Episode 8. Review – XTC – English Settlement

On this episode of lo-fidelity, we conclude this first phase of our XTC extravaganza by reviewing their 1982 double-album English Settlement. Lead songwriter Andy Partridge was growing increasingly tired of the constant pressure on the band and began rebelling against the system that earned them little time to relax and little in their pocket. Armed with a new acoustic guitar, he sought to craft a set of songs that would lead the band in a new “pastoral” direction, seeking to make them difficult to reproduce live, while lyrically tackling topics such as the negative effects of colonialism and the lack of empathy in modern society.

Read More Episode 8. Review – XTC – English Settlement

Episode 7. Discussion – To Tour or Not to Tour

On this episode of lo-fidelity, we discuss a decision every artist has to make: whether to tour or not to tour. Amongst the myriad of ways artists make this decision, we specifically address different categories of answers: artists who never tour, bands who quit touring for good but continue writing and recording music, bands past their prime that continue to tour (or paying a price for nostalgia), with an added bonus of a discussion on the recent phenomenon of album-anniversary tours. There are plenty of examples to learn from, but don’t forget you can always discuss your own stories and examples with us!

Read More Episode 7. Discussion – To Tour or Not to Tour

Episode 6. Review – XTC – Black Sea

On this episode of lo-fidelity, we continue our XTC extravaganza by reviewing the band’s fourth album, Black Sea. With the success of singles from 1979’s Drums and Wires, such as their hit “Making Plans for Nigel,” the band toured at a breakneck pace into 1980. Their label, Virgin Records, gave the band some time off from touring in the summer of that year to record their next album. The result is eleven tracks of rock excellence that noticeably veer away from the band’s New Wave roots. Black Sea would find XTC once again working with producer Steve Lillywhite and engineer Hugh Padgham to expand on the new adventures Andy Partridge and Colin Moulding were taking in their songwriting, while Dave Gregory’s guitar technicality and Terry Chambers’ explosive drums would continue to supply the force behind these powerful songs.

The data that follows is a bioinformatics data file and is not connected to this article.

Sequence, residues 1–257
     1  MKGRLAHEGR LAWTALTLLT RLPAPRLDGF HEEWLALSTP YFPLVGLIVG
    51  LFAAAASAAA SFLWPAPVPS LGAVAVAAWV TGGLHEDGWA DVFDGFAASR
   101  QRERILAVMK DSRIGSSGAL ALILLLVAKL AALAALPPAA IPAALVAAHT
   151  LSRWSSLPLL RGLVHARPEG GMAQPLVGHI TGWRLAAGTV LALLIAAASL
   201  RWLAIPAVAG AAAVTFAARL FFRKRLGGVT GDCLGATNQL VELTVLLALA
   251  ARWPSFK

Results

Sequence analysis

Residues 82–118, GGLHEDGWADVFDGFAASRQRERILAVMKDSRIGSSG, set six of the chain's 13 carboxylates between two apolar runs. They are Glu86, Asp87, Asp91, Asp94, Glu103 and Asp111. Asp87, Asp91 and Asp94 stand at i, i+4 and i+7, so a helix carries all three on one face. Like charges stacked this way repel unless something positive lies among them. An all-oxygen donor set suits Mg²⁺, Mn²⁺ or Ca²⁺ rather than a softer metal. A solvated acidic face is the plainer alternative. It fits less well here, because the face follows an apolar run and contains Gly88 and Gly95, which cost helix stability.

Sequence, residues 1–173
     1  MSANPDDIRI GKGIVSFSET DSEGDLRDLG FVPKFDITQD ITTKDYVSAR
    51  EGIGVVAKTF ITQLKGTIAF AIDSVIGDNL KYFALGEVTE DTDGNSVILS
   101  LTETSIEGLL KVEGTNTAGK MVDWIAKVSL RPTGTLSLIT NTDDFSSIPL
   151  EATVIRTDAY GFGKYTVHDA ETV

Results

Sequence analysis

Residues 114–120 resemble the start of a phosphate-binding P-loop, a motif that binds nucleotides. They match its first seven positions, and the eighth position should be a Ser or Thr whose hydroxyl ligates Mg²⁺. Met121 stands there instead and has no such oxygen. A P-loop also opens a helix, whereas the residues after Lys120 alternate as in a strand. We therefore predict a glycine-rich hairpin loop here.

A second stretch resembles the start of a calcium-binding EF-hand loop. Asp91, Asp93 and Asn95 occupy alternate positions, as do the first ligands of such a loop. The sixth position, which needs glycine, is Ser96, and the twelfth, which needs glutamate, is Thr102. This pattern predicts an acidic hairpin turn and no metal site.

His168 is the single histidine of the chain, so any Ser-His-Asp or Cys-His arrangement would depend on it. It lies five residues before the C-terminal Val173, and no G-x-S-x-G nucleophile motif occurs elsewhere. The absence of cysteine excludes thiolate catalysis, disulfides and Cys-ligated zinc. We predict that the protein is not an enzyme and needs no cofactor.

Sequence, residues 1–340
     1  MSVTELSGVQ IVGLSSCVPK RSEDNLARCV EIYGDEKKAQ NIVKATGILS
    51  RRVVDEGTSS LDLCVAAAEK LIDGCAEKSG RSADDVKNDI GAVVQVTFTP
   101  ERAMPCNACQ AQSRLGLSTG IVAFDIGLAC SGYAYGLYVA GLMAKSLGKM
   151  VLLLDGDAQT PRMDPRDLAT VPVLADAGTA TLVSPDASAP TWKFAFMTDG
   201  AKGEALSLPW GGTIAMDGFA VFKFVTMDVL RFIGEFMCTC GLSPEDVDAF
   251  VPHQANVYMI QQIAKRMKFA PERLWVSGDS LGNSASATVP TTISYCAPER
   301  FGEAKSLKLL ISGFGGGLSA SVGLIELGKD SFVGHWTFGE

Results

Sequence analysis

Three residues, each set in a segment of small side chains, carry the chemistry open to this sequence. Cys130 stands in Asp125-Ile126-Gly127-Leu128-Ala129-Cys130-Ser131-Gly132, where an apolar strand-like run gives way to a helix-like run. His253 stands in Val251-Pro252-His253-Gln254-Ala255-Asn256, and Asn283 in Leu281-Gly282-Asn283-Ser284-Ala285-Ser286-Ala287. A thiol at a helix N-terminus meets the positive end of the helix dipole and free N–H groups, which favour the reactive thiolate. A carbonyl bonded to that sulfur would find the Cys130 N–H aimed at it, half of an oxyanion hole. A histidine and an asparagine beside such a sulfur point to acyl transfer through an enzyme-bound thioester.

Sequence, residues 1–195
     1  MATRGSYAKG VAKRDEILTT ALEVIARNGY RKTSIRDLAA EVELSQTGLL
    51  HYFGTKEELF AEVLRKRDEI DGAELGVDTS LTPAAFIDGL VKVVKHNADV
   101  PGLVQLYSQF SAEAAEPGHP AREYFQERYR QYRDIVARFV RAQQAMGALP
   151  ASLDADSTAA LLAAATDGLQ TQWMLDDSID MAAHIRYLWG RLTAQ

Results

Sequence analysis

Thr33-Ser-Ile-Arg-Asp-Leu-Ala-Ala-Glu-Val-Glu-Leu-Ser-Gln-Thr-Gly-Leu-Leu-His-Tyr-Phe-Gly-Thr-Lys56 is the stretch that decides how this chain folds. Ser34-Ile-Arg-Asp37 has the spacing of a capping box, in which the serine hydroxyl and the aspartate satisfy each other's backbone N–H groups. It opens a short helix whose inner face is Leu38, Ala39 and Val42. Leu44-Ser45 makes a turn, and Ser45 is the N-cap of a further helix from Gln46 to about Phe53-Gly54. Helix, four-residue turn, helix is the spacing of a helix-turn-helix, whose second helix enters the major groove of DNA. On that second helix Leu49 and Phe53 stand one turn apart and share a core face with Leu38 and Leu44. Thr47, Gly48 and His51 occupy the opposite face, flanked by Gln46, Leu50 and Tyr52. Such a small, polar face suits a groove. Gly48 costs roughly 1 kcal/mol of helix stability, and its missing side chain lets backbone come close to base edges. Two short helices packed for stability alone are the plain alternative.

Read More Episode 6. Review – XTC – Black Sea

Episode 5. Review – XTC – Drums and Wires

On this episode of lo-fidelity, we start our journey through the legendary albums of the underrated British rock/pop band XTC. By this point the group had been through a number of name changes since 1972, had released two albums in 1978 on Virgin Records that did modestly well, and were touring extensively to promote them. Within a couple of months keyboardist Barry Andrews would leave the group for other opportunities, setting the stage for Dave Gregory to enter as lead guitarist. The shift in dynamics leads to this powerful collection of songs with early classics written by both Andy Partridge and Colin Moulding, features the bombastic drums of Terry Chambers, and is the result of the band’s first collaboration with producer Steve Lillywhite and engineer Hugh Padgham, who would go on to produce some of the biggest albums of the 1980s. Come join us as we discuss the music that would become the group’s first musical landmark.

Read More Episode 5. Review – XTC – Drums and Wires